How to get 1°C cooler in just 6 minutes



Yesterday I cycled my bike across London. And it occurred to me that to many people that would seem like an absolutely mad thing to do. But if you ride a bike often you’ll know that on hot days. All you need to do is take it really slow. If you expend as little energy as possible, then you don’t overheat through exertion and while you’re coasting down hills the gentle breeze over the surface of your skin keeps you nice and cool.

So if the trick to staying cool on a bike is primarily behavioural, then I wonder: if when we find ourselves struggling with heat in general, should we first look to our own behaviour?

Apparently the outside temperature is 25° C and all morning I’ve been working in our two-bedroom flat in Crystal Palace. As usual I chose to work in our south facing living/dining room. It is a very Large open plan area which makes up about 50% of our flat. So usually it is the nicest place to work.

My Twitter stream was begrudging the temperature and a few people mentioned that they happen to work from home without air conditioning.

Unfortunately I find it almost impossible to resist an opportunity to be a know it all, even when I am making exactly the same mistake. So I’ve just told someone to do what people did before we had air conditioning and moved to a different part of the building.

I think the reason we have fallen out of the habit of changing rooms when the temperatures become uncomfortable is because of the existence of air conditioning, but more importantly because we’ve become used to working at desks in a fixed location. But if like me you are working on a laptop in a Wi-Fi area then staying put doesn’t make any sense.

I think the reason we have got out of the habit of moving to a more comfortable place when the temperature goes up is because over the last hundred years or so the majority of us have become desk bound. We’ve got so used to having to stay in the same place to do our work that we now don’t even see the opportunity that these new technologies are providing us with. The advantage of mobile working is that it is mobile, even if you happen to be in your usual place of work. So unless you’re in a large office and there is no other rooms where you can move to, to do your work, have you thought about moving to the north side of your building?


In order for me to change the room I was working in, I had to unplug my printer and remove all the papers from my desk, carry my laptop through to the other room. Take the legs off the table, carry the table through to the other room, screw the legs back on and set up a seat by the new desk. In total that entire process took me six minutes. In return, I’ve moved from a room with a temperature of 25.5° C to a room with a temperature of 24.4° C. So I’ve lost a degrees C in temperature and am now sat in a pleasant breeze. Hopefully this move will have increased my productivity today.


It’s amazing how we’ve lost the skills that presumably came naturally to people in the past. It seems like our recent industrial history has turned us into fully domesticated animals. Through no fault of our own, we sit here like battery chickens overheating, when if we just thought a little bit more like our wild ancestors, I’m sure many of these issues would be easily overcome.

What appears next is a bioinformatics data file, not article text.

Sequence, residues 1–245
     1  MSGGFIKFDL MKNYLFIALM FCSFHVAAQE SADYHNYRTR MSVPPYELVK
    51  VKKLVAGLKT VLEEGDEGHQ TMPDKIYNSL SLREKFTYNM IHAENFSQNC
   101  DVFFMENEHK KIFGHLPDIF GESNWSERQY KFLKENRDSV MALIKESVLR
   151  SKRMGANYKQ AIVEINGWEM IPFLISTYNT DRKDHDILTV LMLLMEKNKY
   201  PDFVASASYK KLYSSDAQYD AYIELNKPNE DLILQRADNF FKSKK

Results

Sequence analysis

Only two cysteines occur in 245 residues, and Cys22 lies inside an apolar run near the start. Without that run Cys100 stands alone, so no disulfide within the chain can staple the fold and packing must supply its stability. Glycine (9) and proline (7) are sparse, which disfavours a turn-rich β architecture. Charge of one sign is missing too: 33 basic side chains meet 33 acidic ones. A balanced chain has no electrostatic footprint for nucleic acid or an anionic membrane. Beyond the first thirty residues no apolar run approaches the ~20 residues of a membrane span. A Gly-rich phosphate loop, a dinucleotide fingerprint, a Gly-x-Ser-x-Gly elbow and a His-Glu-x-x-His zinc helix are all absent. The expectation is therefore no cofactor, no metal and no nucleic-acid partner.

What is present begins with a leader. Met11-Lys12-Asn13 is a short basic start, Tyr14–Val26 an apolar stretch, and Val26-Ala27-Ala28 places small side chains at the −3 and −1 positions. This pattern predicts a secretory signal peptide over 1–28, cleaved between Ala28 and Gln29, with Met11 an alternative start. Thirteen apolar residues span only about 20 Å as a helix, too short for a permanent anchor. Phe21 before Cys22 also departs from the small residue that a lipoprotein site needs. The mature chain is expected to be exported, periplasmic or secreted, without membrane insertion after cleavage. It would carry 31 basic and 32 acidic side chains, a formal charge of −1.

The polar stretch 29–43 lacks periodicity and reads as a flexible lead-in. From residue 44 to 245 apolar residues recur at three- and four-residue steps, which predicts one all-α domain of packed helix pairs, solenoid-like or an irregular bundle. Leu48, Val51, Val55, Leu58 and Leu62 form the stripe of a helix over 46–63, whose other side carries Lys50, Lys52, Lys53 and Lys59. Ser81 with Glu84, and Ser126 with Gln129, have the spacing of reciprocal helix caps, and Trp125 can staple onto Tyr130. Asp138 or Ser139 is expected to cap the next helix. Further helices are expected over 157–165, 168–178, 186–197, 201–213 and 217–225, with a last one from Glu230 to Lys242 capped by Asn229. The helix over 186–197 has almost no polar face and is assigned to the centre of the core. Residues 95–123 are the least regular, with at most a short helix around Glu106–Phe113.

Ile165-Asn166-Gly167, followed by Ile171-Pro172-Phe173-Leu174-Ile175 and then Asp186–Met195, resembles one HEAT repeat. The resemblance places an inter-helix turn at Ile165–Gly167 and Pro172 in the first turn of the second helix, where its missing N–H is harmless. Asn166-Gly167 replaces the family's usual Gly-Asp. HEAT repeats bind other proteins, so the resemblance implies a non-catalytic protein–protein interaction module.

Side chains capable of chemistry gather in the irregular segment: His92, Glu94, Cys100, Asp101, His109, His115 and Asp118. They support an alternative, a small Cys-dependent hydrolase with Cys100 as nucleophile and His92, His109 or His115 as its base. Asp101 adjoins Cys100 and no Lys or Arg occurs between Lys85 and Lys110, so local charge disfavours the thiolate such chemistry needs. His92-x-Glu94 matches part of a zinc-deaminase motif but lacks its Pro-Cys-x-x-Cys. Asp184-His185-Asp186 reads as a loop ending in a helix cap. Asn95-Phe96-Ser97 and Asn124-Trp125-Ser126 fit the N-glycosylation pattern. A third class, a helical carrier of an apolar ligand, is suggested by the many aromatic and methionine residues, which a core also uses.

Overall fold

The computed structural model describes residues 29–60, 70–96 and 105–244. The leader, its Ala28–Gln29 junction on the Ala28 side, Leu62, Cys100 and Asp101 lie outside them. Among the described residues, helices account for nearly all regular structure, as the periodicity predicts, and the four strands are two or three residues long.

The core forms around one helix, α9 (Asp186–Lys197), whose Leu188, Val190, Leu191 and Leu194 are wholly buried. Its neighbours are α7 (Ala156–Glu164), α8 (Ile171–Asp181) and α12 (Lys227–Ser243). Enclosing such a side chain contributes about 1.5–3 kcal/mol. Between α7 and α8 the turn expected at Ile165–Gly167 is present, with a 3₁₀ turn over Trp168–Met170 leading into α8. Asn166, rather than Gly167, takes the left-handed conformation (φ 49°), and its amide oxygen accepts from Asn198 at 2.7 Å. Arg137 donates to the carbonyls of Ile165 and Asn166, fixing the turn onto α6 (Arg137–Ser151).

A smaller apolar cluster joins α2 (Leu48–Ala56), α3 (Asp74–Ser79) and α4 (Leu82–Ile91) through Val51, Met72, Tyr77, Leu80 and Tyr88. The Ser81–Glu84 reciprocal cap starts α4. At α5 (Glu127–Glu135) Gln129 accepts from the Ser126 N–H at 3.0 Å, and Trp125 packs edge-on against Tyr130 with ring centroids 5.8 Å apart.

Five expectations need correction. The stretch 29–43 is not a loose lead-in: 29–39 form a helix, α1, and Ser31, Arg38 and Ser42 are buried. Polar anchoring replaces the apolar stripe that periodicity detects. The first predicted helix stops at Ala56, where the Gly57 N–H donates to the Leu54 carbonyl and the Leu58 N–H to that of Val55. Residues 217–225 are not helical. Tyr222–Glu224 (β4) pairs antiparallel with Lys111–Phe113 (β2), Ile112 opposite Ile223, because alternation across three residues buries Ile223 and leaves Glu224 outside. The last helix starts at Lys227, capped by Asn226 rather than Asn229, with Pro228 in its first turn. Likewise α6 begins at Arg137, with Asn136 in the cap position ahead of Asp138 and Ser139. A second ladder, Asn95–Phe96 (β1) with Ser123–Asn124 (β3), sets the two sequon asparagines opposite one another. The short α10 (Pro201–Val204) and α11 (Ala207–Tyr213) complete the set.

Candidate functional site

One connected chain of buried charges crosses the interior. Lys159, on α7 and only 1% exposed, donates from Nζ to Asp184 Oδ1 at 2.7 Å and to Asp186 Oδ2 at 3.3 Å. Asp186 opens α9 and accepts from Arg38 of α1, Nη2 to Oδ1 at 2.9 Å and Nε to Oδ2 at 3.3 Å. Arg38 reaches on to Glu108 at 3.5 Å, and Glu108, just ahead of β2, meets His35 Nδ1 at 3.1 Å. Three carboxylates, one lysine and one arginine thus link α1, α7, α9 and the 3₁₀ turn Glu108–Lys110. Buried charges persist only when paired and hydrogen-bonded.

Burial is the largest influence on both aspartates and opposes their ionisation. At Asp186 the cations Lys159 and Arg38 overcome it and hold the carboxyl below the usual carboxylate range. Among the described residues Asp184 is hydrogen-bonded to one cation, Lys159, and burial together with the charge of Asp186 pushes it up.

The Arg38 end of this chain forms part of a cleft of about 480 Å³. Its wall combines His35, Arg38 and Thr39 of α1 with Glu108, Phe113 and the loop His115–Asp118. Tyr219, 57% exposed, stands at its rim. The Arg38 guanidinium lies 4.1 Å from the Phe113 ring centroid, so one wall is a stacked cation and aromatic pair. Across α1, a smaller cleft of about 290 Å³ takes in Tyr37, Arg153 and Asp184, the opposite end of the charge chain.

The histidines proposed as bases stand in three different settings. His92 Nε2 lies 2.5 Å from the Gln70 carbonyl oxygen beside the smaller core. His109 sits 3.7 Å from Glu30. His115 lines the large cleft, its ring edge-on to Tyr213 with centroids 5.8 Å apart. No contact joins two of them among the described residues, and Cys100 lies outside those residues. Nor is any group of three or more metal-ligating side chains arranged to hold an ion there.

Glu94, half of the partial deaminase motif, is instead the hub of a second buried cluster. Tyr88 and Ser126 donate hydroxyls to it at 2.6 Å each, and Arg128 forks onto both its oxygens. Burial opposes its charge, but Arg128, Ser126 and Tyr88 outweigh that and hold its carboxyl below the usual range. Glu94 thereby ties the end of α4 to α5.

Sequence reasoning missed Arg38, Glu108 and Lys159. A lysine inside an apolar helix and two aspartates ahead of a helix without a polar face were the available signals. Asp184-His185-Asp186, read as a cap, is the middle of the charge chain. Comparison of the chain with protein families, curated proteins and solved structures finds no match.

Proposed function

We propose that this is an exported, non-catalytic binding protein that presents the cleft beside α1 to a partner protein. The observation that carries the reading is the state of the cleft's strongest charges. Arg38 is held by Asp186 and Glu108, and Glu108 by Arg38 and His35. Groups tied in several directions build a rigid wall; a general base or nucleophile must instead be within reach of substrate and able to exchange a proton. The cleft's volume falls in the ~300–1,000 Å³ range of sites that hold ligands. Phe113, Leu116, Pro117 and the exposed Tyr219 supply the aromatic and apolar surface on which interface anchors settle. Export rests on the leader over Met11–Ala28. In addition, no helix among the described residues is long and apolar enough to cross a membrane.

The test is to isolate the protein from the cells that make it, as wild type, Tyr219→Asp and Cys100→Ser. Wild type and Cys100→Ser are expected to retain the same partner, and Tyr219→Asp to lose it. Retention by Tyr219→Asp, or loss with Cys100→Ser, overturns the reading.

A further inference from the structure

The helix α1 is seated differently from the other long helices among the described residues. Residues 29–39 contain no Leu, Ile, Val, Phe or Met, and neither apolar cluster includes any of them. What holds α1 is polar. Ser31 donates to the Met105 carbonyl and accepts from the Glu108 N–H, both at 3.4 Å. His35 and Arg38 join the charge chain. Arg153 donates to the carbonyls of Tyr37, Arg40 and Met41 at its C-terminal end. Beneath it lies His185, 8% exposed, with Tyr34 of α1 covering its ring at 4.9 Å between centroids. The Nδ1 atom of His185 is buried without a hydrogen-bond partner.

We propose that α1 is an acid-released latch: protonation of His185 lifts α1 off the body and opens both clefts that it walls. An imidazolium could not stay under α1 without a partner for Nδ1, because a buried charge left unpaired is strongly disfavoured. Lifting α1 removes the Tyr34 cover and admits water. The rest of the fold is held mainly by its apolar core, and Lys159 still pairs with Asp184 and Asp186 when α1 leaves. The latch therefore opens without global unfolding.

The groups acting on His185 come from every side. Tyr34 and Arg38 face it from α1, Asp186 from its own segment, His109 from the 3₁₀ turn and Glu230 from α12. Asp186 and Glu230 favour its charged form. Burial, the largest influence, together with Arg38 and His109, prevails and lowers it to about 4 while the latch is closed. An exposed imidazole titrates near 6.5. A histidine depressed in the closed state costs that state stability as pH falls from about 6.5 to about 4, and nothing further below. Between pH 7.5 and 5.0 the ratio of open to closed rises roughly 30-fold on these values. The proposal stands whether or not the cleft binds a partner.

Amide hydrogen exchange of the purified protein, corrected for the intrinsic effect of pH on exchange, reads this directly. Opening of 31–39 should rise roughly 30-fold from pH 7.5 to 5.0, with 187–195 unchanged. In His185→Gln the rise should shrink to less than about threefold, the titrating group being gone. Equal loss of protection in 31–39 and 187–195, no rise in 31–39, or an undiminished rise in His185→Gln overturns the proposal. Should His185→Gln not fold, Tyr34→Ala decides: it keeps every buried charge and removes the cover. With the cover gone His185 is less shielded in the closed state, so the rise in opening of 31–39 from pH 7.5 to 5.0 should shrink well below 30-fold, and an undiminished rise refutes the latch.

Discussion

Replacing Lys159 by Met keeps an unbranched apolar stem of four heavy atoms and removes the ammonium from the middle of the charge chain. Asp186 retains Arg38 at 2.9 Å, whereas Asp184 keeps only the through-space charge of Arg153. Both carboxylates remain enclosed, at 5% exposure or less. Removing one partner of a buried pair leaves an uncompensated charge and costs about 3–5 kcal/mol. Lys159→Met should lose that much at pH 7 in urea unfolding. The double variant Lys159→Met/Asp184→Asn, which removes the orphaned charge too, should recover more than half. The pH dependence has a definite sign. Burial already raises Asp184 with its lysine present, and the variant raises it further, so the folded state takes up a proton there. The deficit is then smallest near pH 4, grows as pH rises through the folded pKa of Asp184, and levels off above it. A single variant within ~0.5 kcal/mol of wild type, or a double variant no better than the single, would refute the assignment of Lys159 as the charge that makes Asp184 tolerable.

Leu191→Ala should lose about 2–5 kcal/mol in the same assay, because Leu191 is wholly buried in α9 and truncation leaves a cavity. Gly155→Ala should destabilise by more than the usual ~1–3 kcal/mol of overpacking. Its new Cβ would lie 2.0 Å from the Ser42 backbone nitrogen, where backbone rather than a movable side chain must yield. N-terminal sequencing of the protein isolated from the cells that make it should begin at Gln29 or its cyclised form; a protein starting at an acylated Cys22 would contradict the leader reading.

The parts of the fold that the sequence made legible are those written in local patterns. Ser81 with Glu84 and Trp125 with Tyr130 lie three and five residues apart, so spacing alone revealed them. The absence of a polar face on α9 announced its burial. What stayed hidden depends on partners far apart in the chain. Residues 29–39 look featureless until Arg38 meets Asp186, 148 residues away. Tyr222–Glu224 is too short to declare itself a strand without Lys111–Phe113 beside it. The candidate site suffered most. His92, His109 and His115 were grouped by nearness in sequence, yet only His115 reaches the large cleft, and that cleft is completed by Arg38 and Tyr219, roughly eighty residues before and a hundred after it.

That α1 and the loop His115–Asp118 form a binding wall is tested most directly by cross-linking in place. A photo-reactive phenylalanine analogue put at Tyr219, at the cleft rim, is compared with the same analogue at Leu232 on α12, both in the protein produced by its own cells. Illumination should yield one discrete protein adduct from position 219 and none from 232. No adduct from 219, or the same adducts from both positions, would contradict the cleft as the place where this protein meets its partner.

If you don’t work from home, and your office is currently sweltering, then how do you think your boss would feel about you working from home over the coming days, which are set to be scorchers?

If this week your office is particularly uncomfortable, then there really doesn’t seem to be any advantage in travelling across London to sit in a room which is reducing your productivity. How do you think they’d feel if you asked to work from home and be logged in to Google hangout so that they can keep track of you and make sure you’re still doing your work, and that you’d still be easily contactable, but you could place yourself in an environment which made you more comfortable happy and productive. Working from home every day is not ideal. It’s great to have that face-to-face contact, but are we all being absolutely mental, by travelling into work during a period when it’s hampering our progress?

Is this hot weather a good time to reassess how we work? Who knows what your team could learn by experimenting with Google hangout’s homeworking and moving location to be more comfortable in the heat? You might find some really useful new tools that you can use for the rest of the year.


Weekend One

wine in a bike light hayley 2 view


If you are looking for something amazing to do on your bike this summer, then check this out:

Wine Rides is a fantastic new company offering a unique cycling adventure around Britain’s award-winning wine growing region.

This new trip involves camping amongst the vines on two of the UK’s loveliest vineyards, eating amazing locally grown food, drinking phenomenal wine and cycling in one of the most beautiful parts of the UK.

The first Wine Ride took place at the end of May and here, Alex Wine Rides Director tells us what happened. 


David Mowat    Ruth Francis 6   flip IMG_7959


Until I set up Wine Rides I worked in documentary TV. In that job, I was insanely lucky. I’ve managed to work with my hero Sir David Attenborough twice and my other hero Ray Mears once, but despite how much fun I was having; I always had a burning desire to own my own company and passionately believe that cycling is a universal good. So in the end I felt compelled to make the jump and start Wine Rides with my wife Hayley and my brother Marcus.

We are concerned about the environment and it was important to us that our company provide relaxing and enjoyable holidays, which focused on local food and British wine and most importantly use the bike as the primary mode of transport rather, than the car. We want our holiday to be good for our guests and good for the environment.

Our pilot weekend at the end of May was a wonderful, if rather hectic event – here’s the lowdown (warts ‘n’ all) to give you a flavour of our adventure so far.

Day 1 – setting up camp

I am not going to lie to you. Our prep day started badly. We had been delayed by about four hours that morning because our catering van which would be the field kitchen we used to prepare the nightly three course meal for our guests had failed to get off the drive. I have never had car problems before in my life and it was sods law that it had to happen on this of all days.

The delay resulted in us still pitching camp as the sun set after which we then had to drive our van through the night to pick up an emergency kitchen (my in-laws barbecue).